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Homework Help: Integration of vectors

  1. Mar 13, 2010 #1
    1. The problem statement, all variables and given/known data

    [tex]\int_{S}[/tex][tex]\int[/tex] n dS = 0 for any closed surface S.

    2. Relevant equations



    3. The attempt at a solution
    I can't solve this because I don't have any idea in Vector intregrals.
    1. The problem statement, all variables and given/known data



    2. Relevant equations



    3. The attempt at a solution
     
  2. jcsd
  3. Mar 13, 2010 #2
    It should only equal zero if it is conservative since the partial of n with respect to x equals the partial m with respect to y. I am not sure if this what you are looking for since I am not sure what your question is.
     
  4. Mar 13, 2010 #3

    LCKurtz

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    Hint: The result is a vector, so look at its components. The x component of a vector V is [itex] V \cdot i[/itex]. So look at, for example:

    [tex] i \cdot \int\int_S \hat n\ dS = \int\int_S i\cdot \hat n\ dS[/tex]
     
  5. Mar 13, 2010 #4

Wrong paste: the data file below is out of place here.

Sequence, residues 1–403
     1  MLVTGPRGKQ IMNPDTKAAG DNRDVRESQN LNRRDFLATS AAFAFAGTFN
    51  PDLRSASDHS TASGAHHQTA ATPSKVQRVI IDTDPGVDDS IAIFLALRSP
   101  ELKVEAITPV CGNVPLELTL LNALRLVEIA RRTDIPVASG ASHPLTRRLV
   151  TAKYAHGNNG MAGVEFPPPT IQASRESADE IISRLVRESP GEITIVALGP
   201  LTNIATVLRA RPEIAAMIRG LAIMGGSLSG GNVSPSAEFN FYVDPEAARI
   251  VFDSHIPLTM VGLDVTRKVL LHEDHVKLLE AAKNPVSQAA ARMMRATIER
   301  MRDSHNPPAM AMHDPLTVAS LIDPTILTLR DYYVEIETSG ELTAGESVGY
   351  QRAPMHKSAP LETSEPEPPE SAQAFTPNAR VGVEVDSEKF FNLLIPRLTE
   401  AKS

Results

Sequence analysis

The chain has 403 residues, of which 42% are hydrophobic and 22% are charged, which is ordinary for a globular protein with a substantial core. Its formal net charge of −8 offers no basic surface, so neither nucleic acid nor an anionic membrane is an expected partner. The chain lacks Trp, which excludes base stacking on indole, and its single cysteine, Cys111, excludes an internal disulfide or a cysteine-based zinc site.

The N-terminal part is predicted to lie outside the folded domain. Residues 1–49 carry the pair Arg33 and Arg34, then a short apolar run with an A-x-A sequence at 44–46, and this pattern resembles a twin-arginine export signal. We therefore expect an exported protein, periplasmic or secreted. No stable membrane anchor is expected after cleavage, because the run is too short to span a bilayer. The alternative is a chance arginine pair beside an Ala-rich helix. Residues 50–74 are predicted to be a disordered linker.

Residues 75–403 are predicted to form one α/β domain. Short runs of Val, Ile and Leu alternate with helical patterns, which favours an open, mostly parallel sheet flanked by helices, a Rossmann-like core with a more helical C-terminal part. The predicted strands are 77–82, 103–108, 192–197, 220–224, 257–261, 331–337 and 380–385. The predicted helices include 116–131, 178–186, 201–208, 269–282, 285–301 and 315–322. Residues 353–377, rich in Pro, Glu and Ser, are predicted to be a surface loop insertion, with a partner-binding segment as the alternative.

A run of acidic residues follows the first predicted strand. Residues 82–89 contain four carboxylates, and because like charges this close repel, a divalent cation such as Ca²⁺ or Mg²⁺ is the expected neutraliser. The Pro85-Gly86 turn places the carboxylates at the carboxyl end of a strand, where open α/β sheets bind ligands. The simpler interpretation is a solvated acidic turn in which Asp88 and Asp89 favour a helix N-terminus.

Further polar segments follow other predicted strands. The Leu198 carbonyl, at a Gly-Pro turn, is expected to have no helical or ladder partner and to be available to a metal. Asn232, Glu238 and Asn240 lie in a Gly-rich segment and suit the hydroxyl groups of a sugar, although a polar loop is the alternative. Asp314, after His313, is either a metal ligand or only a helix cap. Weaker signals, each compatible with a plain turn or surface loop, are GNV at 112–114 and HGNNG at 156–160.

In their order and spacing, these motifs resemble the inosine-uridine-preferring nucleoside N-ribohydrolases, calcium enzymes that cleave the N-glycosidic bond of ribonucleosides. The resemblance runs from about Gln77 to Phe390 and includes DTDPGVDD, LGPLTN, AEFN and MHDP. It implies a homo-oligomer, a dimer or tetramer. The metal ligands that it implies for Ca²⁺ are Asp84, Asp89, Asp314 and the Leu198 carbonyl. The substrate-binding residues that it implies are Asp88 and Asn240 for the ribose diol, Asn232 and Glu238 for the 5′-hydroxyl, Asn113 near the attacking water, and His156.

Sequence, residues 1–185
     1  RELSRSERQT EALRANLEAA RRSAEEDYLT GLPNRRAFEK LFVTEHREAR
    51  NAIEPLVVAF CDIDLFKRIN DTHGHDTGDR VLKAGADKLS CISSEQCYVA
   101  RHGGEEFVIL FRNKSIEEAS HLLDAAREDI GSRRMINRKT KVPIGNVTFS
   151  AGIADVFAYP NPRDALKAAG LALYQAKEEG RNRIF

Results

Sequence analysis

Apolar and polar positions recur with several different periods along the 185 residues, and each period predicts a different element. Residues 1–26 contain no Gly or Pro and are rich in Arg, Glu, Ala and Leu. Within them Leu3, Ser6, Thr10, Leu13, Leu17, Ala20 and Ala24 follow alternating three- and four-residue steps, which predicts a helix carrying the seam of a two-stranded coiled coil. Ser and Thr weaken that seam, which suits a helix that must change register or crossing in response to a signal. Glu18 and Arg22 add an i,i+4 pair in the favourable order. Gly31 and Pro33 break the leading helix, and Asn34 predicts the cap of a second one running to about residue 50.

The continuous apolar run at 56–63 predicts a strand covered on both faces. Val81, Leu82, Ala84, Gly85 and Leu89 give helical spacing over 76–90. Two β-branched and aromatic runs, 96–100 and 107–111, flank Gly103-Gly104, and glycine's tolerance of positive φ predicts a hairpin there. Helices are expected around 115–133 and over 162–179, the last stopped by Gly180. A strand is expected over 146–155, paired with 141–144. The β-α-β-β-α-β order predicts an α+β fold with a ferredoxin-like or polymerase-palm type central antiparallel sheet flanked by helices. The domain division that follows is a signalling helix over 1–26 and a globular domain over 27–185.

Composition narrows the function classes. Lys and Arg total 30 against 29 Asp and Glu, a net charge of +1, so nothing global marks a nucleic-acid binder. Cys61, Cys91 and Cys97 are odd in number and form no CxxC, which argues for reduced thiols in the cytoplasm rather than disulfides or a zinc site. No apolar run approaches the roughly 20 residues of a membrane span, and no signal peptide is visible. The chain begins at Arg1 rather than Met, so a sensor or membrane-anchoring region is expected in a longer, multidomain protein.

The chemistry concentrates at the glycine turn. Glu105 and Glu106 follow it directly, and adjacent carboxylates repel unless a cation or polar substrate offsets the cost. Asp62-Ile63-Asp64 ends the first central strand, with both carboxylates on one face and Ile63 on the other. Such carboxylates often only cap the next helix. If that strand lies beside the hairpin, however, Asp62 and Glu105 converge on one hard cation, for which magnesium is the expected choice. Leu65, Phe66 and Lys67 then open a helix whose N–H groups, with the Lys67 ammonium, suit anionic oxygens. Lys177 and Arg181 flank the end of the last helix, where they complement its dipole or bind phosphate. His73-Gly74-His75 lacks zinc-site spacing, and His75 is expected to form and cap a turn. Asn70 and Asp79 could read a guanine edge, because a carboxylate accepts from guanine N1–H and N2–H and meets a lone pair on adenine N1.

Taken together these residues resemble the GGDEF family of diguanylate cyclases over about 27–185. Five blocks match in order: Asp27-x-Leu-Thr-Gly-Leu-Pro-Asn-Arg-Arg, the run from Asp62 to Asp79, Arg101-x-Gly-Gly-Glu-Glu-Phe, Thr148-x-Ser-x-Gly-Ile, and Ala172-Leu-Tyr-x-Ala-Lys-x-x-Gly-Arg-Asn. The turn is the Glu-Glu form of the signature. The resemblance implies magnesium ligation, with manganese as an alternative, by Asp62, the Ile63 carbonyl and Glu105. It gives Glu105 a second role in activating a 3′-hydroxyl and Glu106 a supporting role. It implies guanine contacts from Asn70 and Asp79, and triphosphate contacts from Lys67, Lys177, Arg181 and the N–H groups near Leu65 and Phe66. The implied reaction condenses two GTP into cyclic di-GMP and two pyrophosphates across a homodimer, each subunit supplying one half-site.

What is i there???

    n is normal line, I think
     
  6. Mar 13, 2010 #5

    LCKurtz

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    i is the unit vector in the x direction, the usual i,j,k notation. n is the unit outward normal.
     
  7. Mar 13, 2010 #6

    Matterwave

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    If the vector field is always tangential to the surface (and therefore perpendicular with the normal of the surface), this relation is trivially true. If the vector field is 0 everywhere, then this relation is also trivially true. What is the question exactly? Find all such vector fields n for which this relation holds?
     
  8. Mar 13, 2010 #7
    So, will you help me to make a proof?
     
  9. Mar 13, 2010 #8
    is there any proof you can show??

    that's the question..
     
  10. Mar 14, 2010 #9

    gabbagabbahey

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    As LCKurtz already pointed out, [itex]\textbf{n}[/itex] is the outward unit normal to whichever closed surface is integrated over. The problem is to show that this integral is zero for any closed surface.
     
  11. Mar 14, 2010 #10

    gabbagabbahey

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    We don't make proofs for you here. LCKurtz has given you a very good hint in his first reply, try using it and show us what you get. You should find that the divergence theorem is very useful to you here:wink:
     
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